UA Makes Big Impression at 2012 Spring Preparedness Conference
A large turnout from multiple campuses throughout the University of Alaska System took part in the 2012 Spring Preparedness Conference April 10-12, sponsored by the Department of Military and Veterans’ Affairs and the Division of Homeland Security.
Over 230 people from across the state, including first responders, school district employees, state and federal emergency planners and representatives from UA campuses, spent three days learning, sharing and networking at the conference. Presenters included the school superintendent and fire chief from Joplin, Missouri, who shared their respective experiences before, during and following the devastating EF5 multiple-vortex tornado that hit the community on May 22, 2011. About 25 percent of Joplin was destroyed, with the official death toll at 160 people.
Opening comments by Gov. Sean Parnell included acknowledgment of the effort University of Alaska has put forth regarding Emergency Management and community preparedness activities, including last summer’s full-Scale exercise at UAF.
UA President Pat Gamble also was among the leaders who opened up the conference, along with John Madden, Director of the Division of Homeland Security and Emergency Management; and Department of Education Commissioner Mike Hanley.
Gamble stressed the importance of planning and “getting it right up front” from the start of a disaster or incident. With the rapidity of social networking and the intense scrutiny of media on how organizations and institutions respond to disasters, second guessing begins long before events conclude. Even with the best emergency or disaster response, lawsuits afterwards are probable.
“The complexity is immense,” Gamble said. “Training first, and then exercising your plan are key.”
Joplin schools superintendent, C.J. Huff, stressed the importance of “outstanding relationships” with other community agencies and non-governmental groups. These “pre-need relationships” are important more than ever when disaster strikes. The first time to meet your neighbors and community members is not in the midst of a major crisis, but long before, Huff said.
For the first time ever, the preparedness conference featured a higher education track solely for university participants, of which there were 26. The following subject matter experts presented: Paul Hefner of California, a 30-year veteran of emergency response and preparedness, culminating as National Fire Facilities Program Manager with the Bureau of Land Management; Brendan McCluskey, executive director of Emergency Management and Occupational Health and Safety at the University of Medicine and Dentistry of New Jersey; and Dave Hubeny, director of Emergency Management at Binghamton University. UA’s three emergency managers--Rick Forkel (System), Randy Pommenville (UAF) and Ron Swartz (UAA)---also made presentations during the higher ed track.
In addition to hearing about emergency notification requirements under the federal Higher Education Opportunity Act, sessions included “lessons learned” from the record-breaking winter snow storm in Valdez this past December and January, and how the Prince William Sound Community College responded and addressed on-going recovery efforts; business continuity planning; the importance of all-hazards Incident Management Teams; and campus shelter operations.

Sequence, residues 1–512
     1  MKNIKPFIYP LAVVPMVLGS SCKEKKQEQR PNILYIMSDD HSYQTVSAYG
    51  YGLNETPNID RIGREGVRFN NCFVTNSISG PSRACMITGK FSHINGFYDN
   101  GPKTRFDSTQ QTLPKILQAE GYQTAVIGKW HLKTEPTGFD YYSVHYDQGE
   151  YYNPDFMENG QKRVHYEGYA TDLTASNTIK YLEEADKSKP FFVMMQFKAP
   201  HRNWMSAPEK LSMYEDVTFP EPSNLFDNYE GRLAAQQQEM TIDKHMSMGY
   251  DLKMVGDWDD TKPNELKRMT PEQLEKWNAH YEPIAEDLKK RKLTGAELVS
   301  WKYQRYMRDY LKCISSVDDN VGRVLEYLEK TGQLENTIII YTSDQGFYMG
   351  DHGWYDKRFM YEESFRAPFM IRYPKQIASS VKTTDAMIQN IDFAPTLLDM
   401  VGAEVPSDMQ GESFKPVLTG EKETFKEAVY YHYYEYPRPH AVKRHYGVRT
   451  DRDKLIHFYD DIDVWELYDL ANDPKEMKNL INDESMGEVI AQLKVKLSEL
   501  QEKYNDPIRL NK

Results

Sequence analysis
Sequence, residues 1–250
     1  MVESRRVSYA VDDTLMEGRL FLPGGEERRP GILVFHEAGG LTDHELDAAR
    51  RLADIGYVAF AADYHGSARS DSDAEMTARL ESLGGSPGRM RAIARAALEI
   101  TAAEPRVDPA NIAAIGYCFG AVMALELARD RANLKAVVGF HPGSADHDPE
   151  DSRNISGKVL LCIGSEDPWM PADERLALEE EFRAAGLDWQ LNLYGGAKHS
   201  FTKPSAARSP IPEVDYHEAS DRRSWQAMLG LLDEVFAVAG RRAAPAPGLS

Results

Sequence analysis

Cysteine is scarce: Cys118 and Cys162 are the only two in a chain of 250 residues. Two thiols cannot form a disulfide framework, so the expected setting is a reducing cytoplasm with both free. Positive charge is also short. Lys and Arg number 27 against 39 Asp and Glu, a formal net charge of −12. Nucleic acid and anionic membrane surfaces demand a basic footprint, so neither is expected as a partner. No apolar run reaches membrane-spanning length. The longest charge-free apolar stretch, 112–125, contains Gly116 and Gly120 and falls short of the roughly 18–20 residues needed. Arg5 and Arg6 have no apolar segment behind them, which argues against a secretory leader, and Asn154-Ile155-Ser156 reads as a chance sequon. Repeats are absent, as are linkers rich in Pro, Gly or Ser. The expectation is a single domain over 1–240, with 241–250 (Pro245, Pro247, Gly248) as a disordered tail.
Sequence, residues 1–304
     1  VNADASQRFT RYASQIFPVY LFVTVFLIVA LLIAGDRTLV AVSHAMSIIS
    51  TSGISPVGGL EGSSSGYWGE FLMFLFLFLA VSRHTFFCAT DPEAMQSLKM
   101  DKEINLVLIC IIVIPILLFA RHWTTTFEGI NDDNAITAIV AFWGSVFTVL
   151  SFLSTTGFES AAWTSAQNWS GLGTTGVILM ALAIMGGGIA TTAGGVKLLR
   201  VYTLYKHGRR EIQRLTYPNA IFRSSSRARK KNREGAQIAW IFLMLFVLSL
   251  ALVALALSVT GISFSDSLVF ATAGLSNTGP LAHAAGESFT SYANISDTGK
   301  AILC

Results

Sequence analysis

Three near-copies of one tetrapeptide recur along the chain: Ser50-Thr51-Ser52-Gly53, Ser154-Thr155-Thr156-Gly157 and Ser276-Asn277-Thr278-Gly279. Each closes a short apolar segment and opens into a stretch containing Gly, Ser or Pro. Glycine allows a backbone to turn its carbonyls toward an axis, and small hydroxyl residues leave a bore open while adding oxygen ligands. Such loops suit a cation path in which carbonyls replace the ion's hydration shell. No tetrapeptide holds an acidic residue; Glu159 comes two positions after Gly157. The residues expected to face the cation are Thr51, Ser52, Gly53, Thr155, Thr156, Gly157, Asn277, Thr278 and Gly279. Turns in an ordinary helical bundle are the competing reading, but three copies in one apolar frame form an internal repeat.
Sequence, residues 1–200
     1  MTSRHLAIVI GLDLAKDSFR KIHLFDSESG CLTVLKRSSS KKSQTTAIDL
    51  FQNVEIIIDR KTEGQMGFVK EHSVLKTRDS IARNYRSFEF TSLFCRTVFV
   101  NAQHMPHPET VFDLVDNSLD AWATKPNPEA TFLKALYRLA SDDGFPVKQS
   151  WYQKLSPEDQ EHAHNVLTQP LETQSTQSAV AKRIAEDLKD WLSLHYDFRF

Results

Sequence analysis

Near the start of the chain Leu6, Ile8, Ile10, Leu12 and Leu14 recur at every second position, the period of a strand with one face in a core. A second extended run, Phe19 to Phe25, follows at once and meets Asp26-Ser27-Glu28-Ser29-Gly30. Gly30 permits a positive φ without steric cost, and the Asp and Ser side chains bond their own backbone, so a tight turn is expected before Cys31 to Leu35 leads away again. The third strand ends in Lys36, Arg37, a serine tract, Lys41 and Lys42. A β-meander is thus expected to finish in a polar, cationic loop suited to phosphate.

Steve Shiell, Business Manager at Prince William Sound Community College, shared his experience in dealing with the massive winter storm Valdez experienced in December and January. Inundated with snow, unable to keep campus entrances and exits safe and clear, and ultimately facing structural safety concerns, the Valdez campus delayed the start of the spring semester. The community received 25 feet of snow in an eight-week period, including 80 inches over one four-day stretch.
“We were able to hire only one extra person that week. Everybody else with a snow scoop or a shovel was already working,” Shiell said. Funding limitations also hampered the campus; the going rate for snow shovelers in Valdez was $50 an hour, yet the university was only authorized to spend up to $14.50 an hour for such help.
Shiell said the campus leaders learned many lessons from the December snow storm, including the need for an incident management team and a better decision making process internally. PWSCC, with the help of its MAU, UAA, eventually hired a roofing contractor from Anchorage to come in and reduce snow loads on roofs, which had become dangerously overloaded.
“I was pretty nervous,” Shiell said.
The idea of planning, training and exercising for all hazards is to reduce that level of anxiety throughout the UA System, said Rick Forkel, UA’s Emergency Management director. “When something happens on one of our campuses, UA wants to deliver the resources needed, or help coordinate support for the response,” he told the group gathered in the higher education track.
Attendees included representatives from Nome, Dillingham, Kotzebue, Bethel, Sitka, Fairbanks, Juneau, Ketchikan, Cordova and Anchorage campuses.
The commitment and participation of UA employees impressed officials. Mike O’Hare, Deputy Director of the Federal Homeland Security in Alaska, said UA has made “sea changes in preparedness” during his opening remarks.